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"Arabizing" Black Africa By: David G. Littman
FrontPageMagazine.com | Friday, August 13, 2004


The following statement -- delivered by the representative of the World Union for Progressive Judaism on the floor of the UN Sub-Commission on Human Rights in Geneva on Wednesday, August 10, 2004 -- concerns the abominable atrocities taking place in Sudan. The inability of the UN once again to act effectively in another clear case of genocidal ethnic cleansing -- even after Rwanda in 1994 -- deserves the widest publicity. FrontPage magazine is happy to call these injustices to the forefront of the civilized world's consciousness. -- The Editors.

Sir, the humanitarian disaster unfolding in Darfour – over 50,000 people killed and 2.2 million displaced from their homes, and in urgent need of relief aid – includes the systematic rape of African Muslim women and girls, as well as their enslavement. In her scathing Report to the Commission on the situation in the Sudan, released last Friday, the Special Rapporteur on extra-judicial killings could not have been clearer on the motives. This is arousing an international solidarity, a subject addressed by Mr. Dos Santos Alves in his working paper.

Ms. Asma Jahangir states: “A large number of people whom I met had a strong perception that the Government was pursuing a policy of ‘Arabization’ of the Sudan, and, in particular, the Darfur region. Allegedly, those of Arab descent seek to portray themselves as ‘pure’ Muslims, as opposed  to Muslims of African ethnicity.” She also reported that many people she interviewed recalled the cries for help from Darfur had gone out for several years, and that clashes between Arab nomads and sedentary African farmers since the droughts of the 1970s and 1980s had been noted by a previous UN Rapporteur in 1997. It is enough to reread his Reports from 1993 to 1998 to understand, then and now, the present situation – and in Southern Sudan. Based on his full documentation, we published a documentary article in the Sepember 1996 Middle East Quarterly, entitled “The UN Finds Slavery in the Sudan.”

On this question, for over a decade here, we have insisted on calling a slave a slave and have refused to accept the absurd taboo of those appeasers who willingly accepted the term “abductions” imposed by the Government of Sudan (GOS), which otherwise threatened to refuse the regular flights bringing in international humanitarian relief. The NIF regime now carrying out this genocidal ethnic cleansing, mass killings and slavery continues as a Member State of the Commission on Human Rights – and will inevitably deny everything said here. (The Sudanese representative did exactly that in a pathetic laconic “right of reply.”)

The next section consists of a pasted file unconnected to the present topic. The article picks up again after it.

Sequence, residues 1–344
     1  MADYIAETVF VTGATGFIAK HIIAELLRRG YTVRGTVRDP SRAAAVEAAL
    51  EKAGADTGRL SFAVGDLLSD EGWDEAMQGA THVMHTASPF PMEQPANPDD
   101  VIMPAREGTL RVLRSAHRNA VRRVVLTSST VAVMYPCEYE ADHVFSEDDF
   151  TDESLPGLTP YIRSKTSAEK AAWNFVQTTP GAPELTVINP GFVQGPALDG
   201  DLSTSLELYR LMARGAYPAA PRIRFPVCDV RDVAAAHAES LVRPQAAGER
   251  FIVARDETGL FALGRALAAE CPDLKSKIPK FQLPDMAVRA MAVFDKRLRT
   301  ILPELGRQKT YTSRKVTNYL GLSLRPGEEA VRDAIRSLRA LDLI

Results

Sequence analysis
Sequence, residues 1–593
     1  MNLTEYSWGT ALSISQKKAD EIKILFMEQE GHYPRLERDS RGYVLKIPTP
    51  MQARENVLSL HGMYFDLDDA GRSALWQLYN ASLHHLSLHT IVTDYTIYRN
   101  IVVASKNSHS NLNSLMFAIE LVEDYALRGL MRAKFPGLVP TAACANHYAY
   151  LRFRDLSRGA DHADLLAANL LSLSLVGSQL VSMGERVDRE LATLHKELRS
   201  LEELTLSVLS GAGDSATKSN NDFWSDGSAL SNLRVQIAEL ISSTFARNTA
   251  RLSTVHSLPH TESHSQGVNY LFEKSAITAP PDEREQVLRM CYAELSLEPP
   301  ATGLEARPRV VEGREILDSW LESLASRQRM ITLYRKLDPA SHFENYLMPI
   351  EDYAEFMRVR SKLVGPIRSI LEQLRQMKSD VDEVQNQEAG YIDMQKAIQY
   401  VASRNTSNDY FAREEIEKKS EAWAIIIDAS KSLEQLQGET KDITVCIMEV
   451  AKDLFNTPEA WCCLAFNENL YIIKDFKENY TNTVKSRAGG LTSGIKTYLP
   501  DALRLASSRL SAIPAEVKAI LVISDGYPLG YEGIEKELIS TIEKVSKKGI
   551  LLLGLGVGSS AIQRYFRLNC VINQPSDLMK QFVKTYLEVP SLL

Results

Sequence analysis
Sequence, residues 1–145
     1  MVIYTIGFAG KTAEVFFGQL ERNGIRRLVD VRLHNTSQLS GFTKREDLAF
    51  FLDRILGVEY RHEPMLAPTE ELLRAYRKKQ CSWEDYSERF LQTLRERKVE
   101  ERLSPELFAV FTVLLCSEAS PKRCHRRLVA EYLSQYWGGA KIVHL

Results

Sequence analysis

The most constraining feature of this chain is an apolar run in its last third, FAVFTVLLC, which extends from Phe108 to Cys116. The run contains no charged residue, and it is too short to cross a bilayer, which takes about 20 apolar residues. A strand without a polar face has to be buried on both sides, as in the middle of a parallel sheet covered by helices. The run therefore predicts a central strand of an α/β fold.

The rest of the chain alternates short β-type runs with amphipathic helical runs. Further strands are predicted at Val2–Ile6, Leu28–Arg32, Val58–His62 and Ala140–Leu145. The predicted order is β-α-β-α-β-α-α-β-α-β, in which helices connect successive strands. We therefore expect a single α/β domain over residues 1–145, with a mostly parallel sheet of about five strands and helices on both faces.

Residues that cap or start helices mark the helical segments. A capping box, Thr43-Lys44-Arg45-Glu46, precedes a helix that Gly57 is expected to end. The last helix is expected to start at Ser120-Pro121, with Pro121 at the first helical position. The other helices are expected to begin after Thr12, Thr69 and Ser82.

In 1999, the Sudanese government denied irrefutable facts in a major report on slavery by Human Rights Watch (updated in March 2002), and even succeeded in ousting a Zurich-based NGO from the UN – Christian Solidarity International (CSI). CSI had constantly denounced slavery in the Sudan since 1993, and had redeemed tens of thousands of slaves.

Sir, Darfur is at the centre of the revival of government-sponsored chattel slavery in Sudan. In the mid-1980s, GOS armed bands of Baggara (nomadic) Arabs in Darfur and adjacent Kordofan and incited them to raid Black African communities of northern Bahr El Ghazal (Southern Sudan). In the early 1990s, these Arab militias were formally drawn into the government’s armed forces as units of the jihadi Popular Defence Forces (PDF). In spring of 1998, the Sudanese government’s Commissioner of Ed Daien, Abdelrahman Kidder, accompanied the Baggara slave raiders into the South and temporarily occupied the Southern town of Nyamlel.